It was during the editing that I realised the enormous risk I was undertaking. No government visual media had ever shown such a skin flick. My film editor too, though appreciative of the novelty of presenting the credits in this manner, was apprehensive of the possible fallout. Even though I had worked in DD for six years as a cameraman, 'A Fair Affair' was to be my maiden film as Director-cameraman. On the strength of the reputation that some of us had earned, a preview of the film by the mandarins was not required. The aftermath of the telecast, however, could result in my losing the job. All creative personnel — producers, camerapersons, editors, scriptwriters, recordists, musicians et al — in DD and All India Radio, then and for over a decade later, were contracted hirees and not permanent government employees. The contract of a 'staff artist'— the nomenclature for all of us — could be revoked any time. But, infatuated with my quirk and the fact that the film was not just a record of the two pageants but a creative interpretation of fashion and with a fair sprinkling of puns and metaphors and a commentary on social mores, I chose to be foolhardy.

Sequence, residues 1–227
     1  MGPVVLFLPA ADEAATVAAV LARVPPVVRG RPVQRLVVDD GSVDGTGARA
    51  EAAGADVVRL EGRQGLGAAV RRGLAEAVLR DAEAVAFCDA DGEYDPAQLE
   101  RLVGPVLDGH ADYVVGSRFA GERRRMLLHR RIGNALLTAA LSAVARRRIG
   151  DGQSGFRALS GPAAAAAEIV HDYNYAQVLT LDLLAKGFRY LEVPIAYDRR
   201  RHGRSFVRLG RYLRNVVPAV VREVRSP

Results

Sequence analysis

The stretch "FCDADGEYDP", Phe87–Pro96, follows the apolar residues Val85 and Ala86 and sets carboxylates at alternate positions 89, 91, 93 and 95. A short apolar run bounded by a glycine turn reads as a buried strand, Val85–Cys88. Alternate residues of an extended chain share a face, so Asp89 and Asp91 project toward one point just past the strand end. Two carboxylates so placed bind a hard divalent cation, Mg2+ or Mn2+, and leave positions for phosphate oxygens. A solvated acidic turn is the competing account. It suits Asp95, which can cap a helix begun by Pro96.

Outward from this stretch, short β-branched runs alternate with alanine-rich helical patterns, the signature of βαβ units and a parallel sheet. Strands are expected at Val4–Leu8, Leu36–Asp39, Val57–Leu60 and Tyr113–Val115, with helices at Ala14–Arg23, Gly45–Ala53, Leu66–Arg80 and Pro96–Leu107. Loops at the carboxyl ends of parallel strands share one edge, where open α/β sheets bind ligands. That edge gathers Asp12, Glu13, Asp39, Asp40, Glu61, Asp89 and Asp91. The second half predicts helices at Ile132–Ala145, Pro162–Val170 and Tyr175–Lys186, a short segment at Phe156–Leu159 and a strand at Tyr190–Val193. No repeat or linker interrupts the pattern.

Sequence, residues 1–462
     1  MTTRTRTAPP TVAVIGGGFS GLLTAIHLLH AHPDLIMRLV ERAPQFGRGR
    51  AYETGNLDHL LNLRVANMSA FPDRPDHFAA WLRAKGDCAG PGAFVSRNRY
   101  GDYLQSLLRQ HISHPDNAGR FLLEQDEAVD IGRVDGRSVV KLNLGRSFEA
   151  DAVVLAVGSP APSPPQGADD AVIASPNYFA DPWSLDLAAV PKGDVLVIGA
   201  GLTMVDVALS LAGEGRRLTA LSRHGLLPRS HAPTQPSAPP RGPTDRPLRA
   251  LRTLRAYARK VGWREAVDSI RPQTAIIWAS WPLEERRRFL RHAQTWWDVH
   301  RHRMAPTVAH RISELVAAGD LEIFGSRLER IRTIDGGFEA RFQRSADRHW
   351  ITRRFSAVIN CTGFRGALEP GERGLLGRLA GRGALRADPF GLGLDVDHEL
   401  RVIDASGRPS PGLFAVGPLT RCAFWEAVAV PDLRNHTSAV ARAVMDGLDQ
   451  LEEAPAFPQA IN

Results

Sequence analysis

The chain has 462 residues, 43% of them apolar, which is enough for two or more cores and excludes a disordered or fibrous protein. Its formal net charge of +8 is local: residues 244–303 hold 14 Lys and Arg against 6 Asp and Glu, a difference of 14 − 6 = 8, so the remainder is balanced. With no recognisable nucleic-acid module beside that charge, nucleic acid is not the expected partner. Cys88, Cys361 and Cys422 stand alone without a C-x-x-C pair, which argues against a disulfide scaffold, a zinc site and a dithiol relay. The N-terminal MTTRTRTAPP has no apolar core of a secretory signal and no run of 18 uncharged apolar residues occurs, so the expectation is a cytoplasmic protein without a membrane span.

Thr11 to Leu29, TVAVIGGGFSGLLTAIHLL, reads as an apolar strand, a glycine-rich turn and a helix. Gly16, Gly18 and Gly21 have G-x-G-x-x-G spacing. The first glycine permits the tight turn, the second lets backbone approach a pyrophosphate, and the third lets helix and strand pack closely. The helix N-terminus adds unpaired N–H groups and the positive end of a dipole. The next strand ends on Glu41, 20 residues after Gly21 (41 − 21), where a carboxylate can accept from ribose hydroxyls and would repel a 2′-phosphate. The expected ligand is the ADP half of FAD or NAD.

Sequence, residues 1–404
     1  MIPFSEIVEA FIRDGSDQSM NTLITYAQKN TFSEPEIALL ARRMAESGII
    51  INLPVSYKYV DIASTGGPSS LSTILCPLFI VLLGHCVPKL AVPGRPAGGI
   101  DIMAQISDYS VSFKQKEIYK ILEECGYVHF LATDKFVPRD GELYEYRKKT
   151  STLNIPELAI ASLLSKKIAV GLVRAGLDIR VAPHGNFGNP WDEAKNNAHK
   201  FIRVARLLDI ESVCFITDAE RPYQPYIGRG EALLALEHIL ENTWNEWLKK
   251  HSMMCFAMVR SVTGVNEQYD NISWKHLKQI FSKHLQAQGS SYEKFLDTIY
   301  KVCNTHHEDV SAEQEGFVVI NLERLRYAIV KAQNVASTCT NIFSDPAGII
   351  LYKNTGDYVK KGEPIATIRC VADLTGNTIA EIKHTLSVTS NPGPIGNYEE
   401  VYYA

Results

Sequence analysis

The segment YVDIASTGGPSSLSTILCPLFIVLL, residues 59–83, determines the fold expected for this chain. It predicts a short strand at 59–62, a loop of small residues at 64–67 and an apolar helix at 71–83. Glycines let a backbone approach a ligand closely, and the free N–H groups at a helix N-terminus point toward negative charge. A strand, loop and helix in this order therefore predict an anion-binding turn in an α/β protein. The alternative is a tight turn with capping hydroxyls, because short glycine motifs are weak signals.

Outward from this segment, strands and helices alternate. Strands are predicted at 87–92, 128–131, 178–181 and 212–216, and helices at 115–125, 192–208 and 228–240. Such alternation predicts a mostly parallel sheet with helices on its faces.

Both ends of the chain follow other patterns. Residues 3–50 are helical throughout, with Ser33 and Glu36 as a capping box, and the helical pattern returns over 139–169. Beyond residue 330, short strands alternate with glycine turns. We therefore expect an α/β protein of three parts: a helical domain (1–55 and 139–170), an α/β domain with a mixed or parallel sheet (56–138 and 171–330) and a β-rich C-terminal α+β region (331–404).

Those days, DD telecast syllabus-based education programmes in the mornings while other programmes were shown only in the evenings for just three hours. It was, and it still is, a practice to review first thing in the morning the programmes that were telecast the previous evening. This meeting is chaired by the Director of the TV Centre or the kendra [DTC]. Nandlal Chowla was the director then. A powerful bureaucrat, with his finger on the political pulse, earning his displeasure was forever dreaded. So much so that even his second-in-command would wince and be filled with anxiety should he see the DTC's trusted peon enter his chamber. This, despite the fact that one had never heard of Mr Chowla shouting at anyone.